In today’s world of immediate digital imaging, the idea of using a dark room, preparing a bulky screen, using a slide and setting up a carousel projector seems like a time-sucking inconvenience. Yet, these ideas were once extraordinary revolutions. And without these vital steps in history, photography and videography would not be what it is today.
It’s hard for modern photographers
to imagine a world
without playback options, delete buttons and limitless color. But if we rewind to the mid-1800s, photography tactics
were much different than what we know now. Metal prints, monotone, undefined blurs. Even more so, the ways in which photos are viewed today is entirely different than before. Prior to the iconic lantern slide, which made its first appearance in 1850, photographs were simply viewed via print. A photographer took a photo, unable to look back at what he/she had captured, and it wasn’t until the roll of film had expired and was ready to be developed that a photographer would begin the process of bringing images to life. At this point, the photographer would generally study his/her images in an isolated dark room. But, when the lantern slide was born, so was a more immersive experience. These Hyalotype prints—the brainchild of William and Frederick Langenheim—were transparent prints projected onto illuminated surfaces, allowing audiences to view the photos
just as you would view a movie. You see, these projected slides invited viewers to become part of the photograph—to see the world through the eye of a lens. Quickly, the lantern slide gained popularity, drawing in mass crowds for both entertainment and visual education. It wasn’t until 1916 that the German company Agfa created color slides, similar to the slides still used today in high school classrooms and large lecture halls.
Of all vital facets of photographic history, 1935 is arguably among the most noteworthy. This was the year the 35mm was born. Following Kodachrome’s discovery of three-color process, the 35mm slide
allowed photographers a hassle-free experience. Up until that point, photographers who had wished to capture color had to wrestle heavy glass plates, tripods, long exposures and lengthy development procedures—still with little luck in crafting a fruitful image. And similarly, the way to show such images was complex and generally disappointing, using additive methods that required bright lights to display a still less-than-sharp image. When the 35mm came to life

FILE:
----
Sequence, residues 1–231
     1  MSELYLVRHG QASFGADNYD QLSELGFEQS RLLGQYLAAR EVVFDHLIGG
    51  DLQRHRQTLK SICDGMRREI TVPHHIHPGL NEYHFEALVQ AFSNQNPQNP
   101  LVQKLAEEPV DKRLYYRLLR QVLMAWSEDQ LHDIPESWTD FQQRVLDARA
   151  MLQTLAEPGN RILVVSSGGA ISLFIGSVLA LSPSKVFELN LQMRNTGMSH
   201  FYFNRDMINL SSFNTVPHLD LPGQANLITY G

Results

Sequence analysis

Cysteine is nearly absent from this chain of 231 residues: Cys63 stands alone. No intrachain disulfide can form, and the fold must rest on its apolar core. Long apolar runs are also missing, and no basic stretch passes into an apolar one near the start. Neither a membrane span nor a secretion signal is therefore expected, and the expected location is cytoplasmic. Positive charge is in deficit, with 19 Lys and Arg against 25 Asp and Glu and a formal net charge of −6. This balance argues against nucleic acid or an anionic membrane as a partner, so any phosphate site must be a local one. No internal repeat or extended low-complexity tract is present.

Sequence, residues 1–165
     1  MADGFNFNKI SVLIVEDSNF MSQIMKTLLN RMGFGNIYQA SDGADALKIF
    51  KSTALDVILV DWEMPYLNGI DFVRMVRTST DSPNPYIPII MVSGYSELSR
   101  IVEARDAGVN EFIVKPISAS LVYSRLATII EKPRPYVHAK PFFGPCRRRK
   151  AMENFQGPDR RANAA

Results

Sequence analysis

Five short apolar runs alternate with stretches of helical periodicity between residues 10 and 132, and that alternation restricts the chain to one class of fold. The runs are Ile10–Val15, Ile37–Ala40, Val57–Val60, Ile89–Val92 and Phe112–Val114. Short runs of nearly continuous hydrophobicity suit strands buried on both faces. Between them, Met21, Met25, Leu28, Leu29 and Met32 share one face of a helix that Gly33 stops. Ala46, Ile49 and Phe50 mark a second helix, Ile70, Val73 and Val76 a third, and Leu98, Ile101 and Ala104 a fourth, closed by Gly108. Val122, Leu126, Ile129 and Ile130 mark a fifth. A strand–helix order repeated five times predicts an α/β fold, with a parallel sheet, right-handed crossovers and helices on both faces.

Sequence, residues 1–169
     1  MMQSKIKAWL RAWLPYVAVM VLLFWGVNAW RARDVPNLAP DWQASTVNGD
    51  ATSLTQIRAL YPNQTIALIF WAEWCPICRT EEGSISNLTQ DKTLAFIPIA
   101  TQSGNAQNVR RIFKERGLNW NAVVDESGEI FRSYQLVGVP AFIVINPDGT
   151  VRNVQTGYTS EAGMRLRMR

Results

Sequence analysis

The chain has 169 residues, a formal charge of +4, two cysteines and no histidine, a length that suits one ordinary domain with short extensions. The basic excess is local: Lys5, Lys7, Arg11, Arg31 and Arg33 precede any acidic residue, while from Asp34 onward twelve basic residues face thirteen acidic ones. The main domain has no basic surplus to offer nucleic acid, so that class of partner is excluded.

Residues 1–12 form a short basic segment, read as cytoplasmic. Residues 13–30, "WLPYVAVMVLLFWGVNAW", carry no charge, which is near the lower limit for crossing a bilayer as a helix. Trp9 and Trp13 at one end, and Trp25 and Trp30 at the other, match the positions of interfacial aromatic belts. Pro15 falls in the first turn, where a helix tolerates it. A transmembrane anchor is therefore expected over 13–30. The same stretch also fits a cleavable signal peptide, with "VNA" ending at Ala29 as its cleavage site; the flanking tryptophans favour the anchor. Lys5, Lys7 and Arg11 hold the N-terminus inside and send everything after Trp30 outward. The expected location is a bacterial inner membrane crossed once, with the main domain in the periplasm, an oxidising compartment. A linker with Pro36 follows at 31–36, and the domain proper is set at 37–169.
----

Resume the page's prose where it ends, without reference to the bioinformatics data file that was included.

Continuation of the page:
, things were different. Unlike its predecessors, Kodachrome didn’t require as much light, yet was able to produce a clearer and more saturated image than ever before. Along with this image quality improvement, the lantern itself was replaced by an electric slide. And as they say, the rest is history. These 35mm projectors
were the industry standard—loved and cherished by all photographers and videographers—until their woeful demise in 2004. Once digital photography was born, there became little need for projection. Over the decades, digital evolution has moved at an impressive speed, changing the ways we capture still photos and record video, as well as how we view the content. Nowadays, we can simply browse photos on our camera and plug them to laptops or TVs for on-demand slideshows. Today, we bid a bittersweet farewell to the nearly extinct 35mm
and other similar formats (they’re still around in cult-ish followings, revered like a severely threatened endangered species). For most on-the-go, deadline-oriented photographers, videographers and consumers, the ability to digitize older formats and playback recordings on a laptop, TV or HD projector, leaves little need or desire for the scratchy, nearly ancient old school carousels. That said, what happens when technology out-runs us?
KEEPING UP WITH THE FUTURE
For many of us, we wonder what to do with our old photographs and VHS tapes
, while also stressing about what will happen when we can no longer play DVDs and CDs
. What will we do when the present becomes yet again outdated and nonoperational? You might not have the nearly extinct complimentary carousel projector anymore, but that’s no reason to throw out your old slides. Those are your memories, after all! And that’s where we come in. At Legacybox, we specialize in digitizing your life’s favorite memories
. Bring in your slides, and we will immortalize them, providing on-demand (you know, that instant satisfaction!) viewing through our latest and greatest technology. Don’t let your memories fade away; instead, give them a whole new life.